Tuesday, October 27, 2015

10 Things NaNoWriMo Taught Me

November is National Novel Writing Month (NaNoWriMo) and for the past seven years I have undertaken a personal challenge; writing 50k words in 30 days. I have met and won this challenge every time (sometimes by the skin of my teeth). I learned about Nano fall 2008 from a friend (right after hurricane Ick, I mean, Ike)Seven of my ten novels have sprung from the hectic month of November; they include contemporary western romance, an epic fantasy, the paranormal and thriller genres. Throughout the years, my nano experience has grown. Here are some tidbits of wisdom:
  1. Plan Ahead: Make a detailed (or not so detailed) outline before starting Nano. I pulled a few pictures off the internet for character references and I've only written two sentences of my story. No outline, just a general plot in my head: girl meets guy, crap happens, they fall for each other, more crap, then HEA (that romance writer talk for: happily ever after). Buy coffee, wine and/or other snacks and drinks. Clear your calendar...Except for write-ins, of course.
  2. Coffee: It helps to set aside time each day to write. Even a paragraph or two is better than nothing. Last year I spent nearly every November weekday morning (before work) in My Favorite Muffin getting a caffeine fix. The employees got to know me by name and asked how the story was coming.
  3. One Good Day: In order to make the 50k by November 30th you need to average 1,667 words a day. I was behind from the beginning. All it took was one really good writing day to make up the difference and keep me motivated to finish strong. That day was November 17th; I was able to write over 5k that day.
  4. Writing Buddy Connections: Last year I connected with fellow Writers and we converged on Boston Stoker and Panera and hung out in Dorothy Lane Market (Springboro) on the loft. Okay, I admit, at the first "write in" I actually talked way more than I wrote but it was great to meet fellow writers and throw ideas out there. This year we've already had one night of prep. Veteran Wrimos helped to answer questions. We discussed scenarios and plot, genres and names. Overall, a great time to get to know other writers before Nano starts.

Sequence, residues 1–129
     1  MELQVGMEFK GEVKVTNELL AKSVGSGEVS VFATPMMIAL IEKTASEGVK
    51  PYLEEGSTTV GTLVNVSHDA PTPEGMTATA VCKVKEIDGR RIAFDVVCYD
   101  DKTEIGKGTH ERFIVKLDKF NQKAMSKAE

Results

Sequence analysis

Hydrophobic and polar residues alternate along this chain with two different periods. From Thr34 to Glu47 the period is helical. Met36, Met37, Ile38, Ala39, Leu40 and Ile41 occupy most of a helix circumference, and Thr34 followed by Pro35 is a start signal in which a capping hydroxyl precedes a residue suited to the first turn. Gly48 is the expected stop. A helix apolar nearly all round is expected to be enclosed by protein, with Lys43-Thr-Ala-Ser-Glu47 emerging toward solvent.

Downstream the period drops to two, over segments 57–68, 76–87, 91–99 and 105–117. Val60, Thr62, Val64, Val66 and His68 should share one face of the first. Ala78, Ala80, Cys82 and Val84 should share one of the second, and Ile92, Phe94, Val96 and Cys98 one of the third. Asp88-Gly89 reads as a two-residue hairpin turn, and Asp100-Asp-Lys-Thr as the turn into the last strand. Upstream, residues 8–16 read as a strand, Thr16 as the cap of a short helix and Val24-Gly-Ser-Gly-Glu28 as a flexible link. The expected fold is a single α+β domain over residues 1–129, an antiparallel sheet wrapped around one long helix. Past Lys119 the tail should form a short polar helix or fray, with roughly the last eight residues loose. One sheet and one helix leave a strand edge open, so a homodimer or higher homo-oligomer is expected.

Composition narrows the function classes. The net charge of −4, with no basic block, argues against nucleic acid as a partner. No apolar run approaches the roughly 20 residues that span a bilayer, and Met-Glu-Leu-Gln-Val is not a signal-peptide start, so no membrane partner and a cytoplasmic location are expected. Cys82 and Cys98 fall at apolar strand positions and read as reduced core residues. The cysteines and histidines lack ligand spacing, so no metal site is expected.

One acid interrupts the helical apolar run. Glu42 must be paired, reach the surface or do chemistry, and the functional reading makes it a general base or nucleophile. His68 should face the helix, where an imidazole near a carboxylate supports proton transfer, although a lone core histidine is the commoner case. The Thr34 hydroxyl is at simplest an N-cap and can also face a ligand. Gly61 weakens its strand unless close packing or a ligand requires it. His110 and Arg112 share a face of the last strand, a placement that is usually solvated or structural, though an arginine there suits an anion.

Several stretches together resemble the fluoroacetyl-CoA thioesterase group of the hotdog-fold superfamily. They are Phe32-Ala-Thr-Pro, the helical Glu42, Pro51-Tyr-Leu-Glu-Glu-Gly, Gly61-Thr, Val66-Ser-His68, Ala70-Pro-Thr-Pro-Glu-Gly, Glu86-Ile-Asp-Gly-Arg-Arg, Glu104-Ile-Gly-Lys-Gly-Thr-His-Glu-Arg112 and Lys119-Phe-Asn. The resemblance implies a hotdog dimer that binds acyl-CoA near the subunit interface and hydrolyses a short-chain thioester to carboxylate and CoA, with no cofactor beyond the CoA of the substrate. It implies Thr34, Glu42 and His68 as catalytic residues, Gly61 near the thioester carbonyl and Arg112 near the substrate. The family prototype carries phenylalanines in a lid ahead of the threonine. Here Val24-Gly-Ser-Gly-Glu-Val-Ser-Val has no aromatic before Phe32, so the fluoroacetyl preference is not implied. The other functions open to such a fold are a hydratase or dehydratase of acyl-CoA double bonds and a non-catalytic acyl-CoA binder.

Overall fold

5. Supportive Family: My family is the best! When it comes to Novemeber they know (after seven years) all my spare time is spent sequestered away trying to make the daily goal. And they still love me!
  6. Don't Drop the Netbook! Always a plus. But if you are like me and trip over chords that pull lightweight items off tables make sure you...
  7. Back Up All Work (preferably before dropping the netbook): Two years ago I was twenty days in when disaster struck. I thought the netbook was toast and all that time spent birthing the novel was in vain. You tend to think the worst when the screen is cracked, things are rattling around inside and the thing won't reboot. The netbook survived (the battery needed to be snapped back in. Go figure. BTW I did a happy dance.) Anyhoo, that was the long way of saying: back up your work. Save it somewhere.
  8. Switch Perspectives: Sometimes while writing, things don't flow so well from brain to keyboard. Switching perspectives, whether your character's or your friends', helps to keep ideas fresh.
  9. Don't give up: 50k words in 30 days is high pressure and a challenge but it is doable. A little here and a little there really does add up. Never give up!
  10. Keep Writing: After November every year a group of us continue to meet for "write ins". Sometimes I don't feel like writing after 30 days of "literary abandon" but the story usually isn't complete and needs finishing.
November 2015 is only days away. Join me and the world wide movement of writers known as NaNoWriMo. It's a fun way to get the stories out of your head and meet others doing the same.

2 comments:

  1. Thank you for this pep talk! This year I'm determined to make it work.

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  2. Hi Rochelle,
    Do you have meetings in Centerville? I live there and tried to write last year and got behind midway through. I really want to write. Do you have email? Thanks, Catherine

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